Baltimore drug programs prove effect, study finds

Significant drops in crime and abuse

January 31, 2002|By Diana K. Sugg | Diana K. Sugg,SUN STAFF

An independent evaluation of Baltimore's drug programs shows significant drops in crime and drug abuse up to a year after addicts start treatment, findings that suggest the city is finally making headway against its seemingly intractable heroin and cocaine problem.

The study, to be released today, is the most rigorous review ever of the $52 million public drug-treatment system. Researchers tracked drug tests, arrest records and other data on almost 1,000 patients in 16 city programs for a year.

The findings mirrored what national studies have found: Drug treatment works. But as one of the few cities to ever do such an evaluation of itself, Baltimore now has its own data, evidence it can use to argue for more money from the state.

"It proves that treatment is a very, very solid investment and has an immediate effect. I can't think of anything else that makes this big of a difference for the community," said Dr. Peter L. Beilenson, city health commissioner. "We're quite confident now that we have built a very effective treatment system."

The study's findings were drastic and consistent. Within a month after entering treatment, use of alcohol, cocaine and heroin each fell by more than 60 percent. One year later, the classic point at which to look for relapse, the changes stayed: Heroin use dropped 69 percent, cocaine use dropped 48 percent, and criminal activity dropped by 64 percent. Also a year later, those in the study worked twice as many days a month and earned $200 more a month in legal income. And they reported far less risky behavior such as using needles to inject drugs.

"We're going to reach a critical point where you really start to have an effect citywide," said Dr. Robert Schwartz, one of the study's authors and an assistant professor at the University of Maryland School of Medicine. "We just have to stay the course and stick with it and be patient."

For Baltimoreans such as Barton Bell, who used heroin for more than 10 years, the treatment is a godsend. He routinely shoplifted from stores in Glen Burnie and Annapolis to get the $75 a day he needed for his habit. He wound up selling drugs himself and was almost killed. Police arrested him about 15 times.

Now, several months after going through a 28-day residential program at Tuerk House in West Baltimore, he is appreciating simple things, such as eating and bathing every day. And today he is applying for a warehouse job.

"I just want to have a nice, steady job, be responsible and be able to pay bills on time," said Bell, 34, who lives in Edmondson Village. "That's all I'm looking for, and it's coming, I know it's coming."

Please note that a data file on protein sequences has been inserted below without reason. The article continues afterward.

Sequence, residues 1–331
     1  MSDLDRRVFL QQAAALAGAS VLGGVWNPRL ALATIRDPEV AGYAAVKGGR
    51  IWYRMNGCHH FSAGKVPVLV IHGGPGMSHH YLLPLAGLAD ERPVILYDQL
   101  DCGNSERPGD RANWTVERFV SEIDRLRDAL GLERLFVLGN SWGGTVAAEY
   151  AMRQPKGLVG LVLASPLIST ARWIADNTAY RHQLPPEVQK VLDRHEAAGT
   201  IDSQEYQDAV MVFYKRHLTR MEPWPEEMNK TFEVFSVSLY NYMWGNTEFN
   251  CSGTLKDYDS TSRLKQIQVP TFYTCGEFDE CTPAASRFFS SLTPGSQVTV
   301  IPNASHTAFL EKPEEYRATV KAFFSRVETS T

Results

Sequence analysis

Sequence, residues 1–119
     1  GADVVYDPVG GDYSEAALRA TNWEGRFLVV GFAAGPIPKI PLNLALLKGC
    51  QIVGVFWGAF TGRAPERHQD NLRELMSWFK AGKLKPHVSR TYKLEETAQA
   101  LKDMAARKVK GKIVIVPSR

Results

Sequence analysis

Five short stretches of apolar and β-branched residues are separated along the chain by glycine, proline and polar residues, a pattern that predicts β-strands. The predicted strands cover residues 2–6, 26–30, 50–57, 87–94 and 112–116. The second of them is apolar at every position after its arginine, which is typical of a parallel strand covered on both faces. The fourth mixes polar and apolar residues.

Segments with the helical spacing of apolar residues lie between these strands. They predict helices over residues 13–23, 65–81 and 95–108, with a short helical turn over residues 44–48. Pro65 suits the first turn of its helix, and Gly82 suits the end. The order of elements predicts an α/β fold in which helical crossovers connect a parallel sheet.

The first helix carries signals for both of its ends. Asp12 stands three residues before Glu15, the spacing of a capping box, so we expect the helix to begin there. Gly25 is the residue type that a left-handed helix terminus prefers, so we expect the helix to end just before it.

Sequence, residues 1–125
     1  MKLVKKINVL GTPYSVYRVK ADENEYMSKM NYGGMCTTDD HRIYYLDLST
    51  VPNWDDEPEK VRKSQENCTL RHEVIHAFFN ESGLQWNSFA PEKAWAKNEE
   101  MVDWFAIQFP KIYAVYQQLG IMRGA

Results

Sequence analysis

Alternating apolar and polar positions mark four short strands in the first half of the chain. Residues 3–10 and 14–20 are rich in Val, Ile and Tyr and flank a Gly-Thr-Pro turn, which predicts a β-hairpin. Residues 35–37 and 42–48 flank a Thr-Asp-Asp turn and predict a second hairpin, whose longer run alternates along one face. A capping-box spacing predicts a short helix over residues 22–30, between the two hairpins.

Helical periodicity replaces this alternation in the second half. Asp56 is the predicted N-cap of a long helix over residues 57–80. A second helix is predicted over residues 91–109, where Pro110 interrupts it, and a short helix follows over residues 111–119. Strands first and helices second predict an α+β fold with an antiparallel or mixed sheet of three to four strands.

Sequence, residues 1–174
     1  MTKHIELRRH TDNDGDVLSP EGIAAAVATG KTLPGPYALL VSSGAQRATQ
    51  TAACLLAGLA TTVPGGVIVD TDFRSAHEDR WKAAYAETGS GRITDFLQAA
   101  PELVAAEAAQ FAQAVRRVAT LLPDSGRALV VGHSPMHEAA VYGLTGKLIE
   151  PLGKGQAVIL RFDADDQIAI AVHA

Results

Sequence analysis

Baltimore Substance Abuse Systems, the quasi-governmental agency that oversees and funds programs such as Tuerk House, paid about $2.7 million over three years for Schwartz and researchers from the Johns Hopkins University and Morgan State University to do the study. The researchers looked at patients from 1998 to 1999, and they estimated that for every 1,000 additional people treated per year, the city avoids 164,000 days of heroin use, 45,600 days of cocaine use and $3.2 million in illegal income.

The work also pointed out some areas that need attention. The methadone clinics, for instance, generally did a better job of reducing drug use than clinics that offer counseling.

Schwartz credited the difference to the fact that patients getting methadone stay in treatment longer and suggested the other clinics find ways to keep patients engaged.

Also, researchers discovered that although the methadone patients initially reduced their alcohol use, a year after starting treatment they were drinking slightly more than before treatment.

The report is the first of several the scientists plan to produce based on the data they've collected. The studies will help guide the expansion of the city's drug treatment system.

Over the past few years, new state dollars have enabled Baltimore - which was plagued by long waiting lines for drug treatment - to boost its treatment capacity by 15 percent.

If the city gets an additional $9 million expected in the next state budget, health officials expect to add 12 percent capacity, for a total of 8,400 slots. Eventually, Beilenson wants to reach a point where people can be treated immediately.

City health officials have also been working to improve the system by adding support services such as mental health counseling and job and housing placement. Almost all the drug treatment centers offer child care.

But Baltimore's drug problem is huge. As many as 60,000 people in the city are addicted, most to heroin and cocaine, and roughly 80 percent of crime is related to drugs. With only a few small studies, state legislators and others have questioned how effective the city's drug treatment programs are.

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